Last Updated on April 19, 2020 by Soumya
I have been guilty of not exploring my own backyard as much as I should have. And this is my way of atoning for my sins! And inspiring myself to explore my city more. Just so you know, I live in the sprawling city of Mumbai, the financial capital of India. It is huge. Beautiful. Filled with the most amazing people in the world. And lots of great food. However, there’s one thing that we often tend to miss out. The rich history and culture of Mumbai that gives the city its unique character. And turns your travel to Mumbai into a memorable experience.
In this post, I am going to take you on a virtual of some of the most iconic historic/cultural sites of Mumbai. Every building has a story. Every monument has a tale. And I would love to discover some of these interesting stories with you! Let’s get going.
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Let’s begin our travel to Mumbai with this beautiful bird’s eye view of the city.
Mumbai has been inhabited for as long as you could think of. Stone Ages, it is believed. It has come under several ancient and medieval empires – the Mauryas, the Chalukyas, the Shilaharas and more. Then ruled by the Gujarat Sultanate, the Portuguese, and finally by the British. It was during the British that Mumbai became an important center for India’s Movement for Independence. Needless to say, Mumbai is dripping with history for all we know. A history that we will explore by virtually visiting the monuments below.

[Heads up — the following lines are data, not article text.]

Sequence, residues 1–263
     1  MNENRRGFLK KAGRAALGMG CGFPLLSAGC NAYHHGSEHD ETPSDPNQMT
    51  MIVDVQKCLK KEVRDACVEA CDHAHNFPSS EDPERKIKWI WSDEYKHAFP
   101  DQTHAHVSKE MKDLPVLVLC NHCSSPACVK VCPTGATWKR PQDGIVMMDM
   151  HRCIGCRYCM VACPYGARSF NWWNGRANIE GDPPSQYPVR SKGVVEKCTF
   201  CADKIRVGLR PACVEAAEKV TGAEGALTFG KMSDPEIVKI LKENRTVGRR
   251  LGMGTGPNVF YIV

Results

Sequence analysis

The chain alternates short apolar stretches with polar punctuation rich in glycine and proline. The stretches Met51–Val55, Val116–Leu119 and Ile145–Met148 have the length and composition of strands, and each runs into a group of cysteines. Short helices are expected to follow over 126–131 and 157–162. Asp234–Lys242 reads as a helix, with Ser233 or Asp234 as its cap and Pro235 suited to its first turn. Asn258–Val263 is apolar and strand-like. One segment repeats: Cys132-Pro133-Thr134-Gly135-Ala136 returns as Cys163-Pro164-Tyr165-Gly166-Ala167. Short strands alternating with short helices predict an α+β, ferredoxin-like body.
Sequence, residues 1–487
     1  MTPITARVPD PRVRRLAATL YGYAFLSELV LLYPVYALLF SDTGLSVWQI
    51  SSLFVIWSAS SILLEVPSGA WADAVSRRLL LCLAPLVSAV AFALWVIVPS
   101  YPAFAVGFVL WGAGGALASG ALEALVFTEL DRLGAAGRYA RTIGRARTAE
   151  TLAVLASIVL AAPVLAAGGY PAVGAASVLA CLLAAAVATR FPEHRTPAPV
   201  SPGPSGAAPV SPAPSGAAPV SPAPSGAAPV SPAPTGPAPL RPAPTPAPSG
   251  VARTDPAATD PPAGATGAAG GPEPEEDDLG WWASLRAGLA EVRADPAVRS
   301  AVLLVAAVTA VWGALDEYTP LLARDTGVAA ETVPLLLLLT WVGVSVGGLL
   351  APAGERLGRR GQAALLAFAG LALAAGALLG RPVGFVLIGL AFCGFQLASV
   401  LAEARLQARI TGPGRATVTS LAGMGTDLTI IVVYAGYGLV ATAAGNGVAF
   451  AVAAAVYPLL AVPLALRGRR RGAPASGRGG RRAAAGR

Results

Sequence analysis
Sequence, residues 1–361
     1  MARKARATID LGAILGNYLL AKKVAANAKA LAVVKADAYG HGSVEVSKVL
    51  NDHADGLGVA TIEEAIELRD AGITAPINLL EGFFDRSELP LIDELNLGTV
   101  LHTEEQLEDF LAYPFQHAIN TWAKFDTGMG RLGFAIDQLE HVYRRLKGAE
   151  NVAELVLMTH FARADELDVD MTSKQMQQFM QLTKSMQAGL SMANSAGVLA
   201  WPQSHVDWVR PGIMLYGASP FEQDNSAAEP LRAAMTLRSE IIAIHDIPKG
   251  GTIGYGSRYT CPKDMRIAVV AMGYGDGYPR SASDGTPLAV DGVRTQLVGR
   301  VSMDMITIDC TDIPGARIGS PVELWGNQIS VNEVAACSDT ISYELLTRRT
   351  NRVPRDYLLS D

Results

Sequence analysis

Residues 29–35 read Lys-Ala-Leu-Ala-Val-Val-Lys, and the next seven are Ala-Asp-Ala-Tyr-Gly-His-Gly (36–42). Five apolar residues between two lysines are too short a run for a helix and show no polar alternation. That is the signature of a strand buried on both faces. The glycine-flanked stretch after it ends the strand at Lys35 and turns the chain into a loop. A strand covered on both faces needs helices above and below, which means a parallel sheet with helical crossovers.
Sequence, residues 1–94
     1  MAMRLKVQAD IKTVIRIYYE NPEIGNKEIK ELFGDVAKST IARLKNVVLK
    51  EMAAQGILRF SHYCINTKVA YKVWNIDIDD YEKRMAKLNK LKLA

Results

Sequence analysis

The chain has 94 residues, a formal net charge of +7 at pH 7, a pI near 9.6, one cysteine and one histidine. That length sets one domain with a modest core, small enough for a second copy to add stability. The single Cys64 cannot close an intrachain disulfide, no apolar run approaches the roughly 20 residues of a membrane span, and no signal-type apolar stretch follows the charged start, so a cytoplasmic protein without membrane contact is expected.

Chhatrapati Shivaji Terminus (CST) Mumbai
There are 3 UNESCO World Heritage Sites in Mumbai of which Chhatrapati Shivaji Terminus, a historic railway station, is the most iconic. This was earlier known as the Victoria Terminus. Ring a bell? Yes, very British! Chhatrapati Shivaji Terminus or CST was constructed in the late 19th century by a British architect.
CST is a classic Victorian Gothic building with Indian architectural components seamlessly blending in. You will see stone domes, classic arches, pointed spires, ribbed vaults, and tall turrets. CST is often dubbed as one of the greatest architectural marvels of the 19th century. And the style is often referred to as Bombay Gothic.
The good news is that you can closely explore this iconic railway station on a virtual tour right from the comfort of your armchair. Google Arts and Culture have an extraordinary online tour of CST where you can scroll through online exhibits, view the monument during day and night, and get inside the building. I especially love this collection of photographs called Symmetry. These pictures clearly define the word!
Chhatrapati Shivaji Maharaj Vastu Sangrahalaya (CSMVS) Mumbai
Here we have another iconic monument named after the valiant Indian ruler, Chhatrapati Shivaji Maharaj. Even Mumbai’s airport is named after him. CSMVS, also known as the Prince of Wales Museum, opened to the public in 1922.
CSMVS is Mumbai’s main museum and is housed in a heritage building built in the Indo-Saracenic architectural style. The Islamic dome which tops the building was very much an influence of Mughal architecture. You will also see chhatris, towers, and minarets existing in complete harmony with vaulted roofs and tall columns.
The collection of artifacts at CSMVS is huge. There are more than 50,000 artifacts on display in the art, archaeology, and natural history sections. On the website of Incredible India, you can virtually travel through all the three floors of the museum, glide through the galleries, and see each and every artifact up close. Make time to look at the elegant hallways. I absolutely love them. In-person and online! You can leaf through the collections of the museum and take 360-degree tours through this virtual tour. Do take a look at the online exhibit on Indian Saris.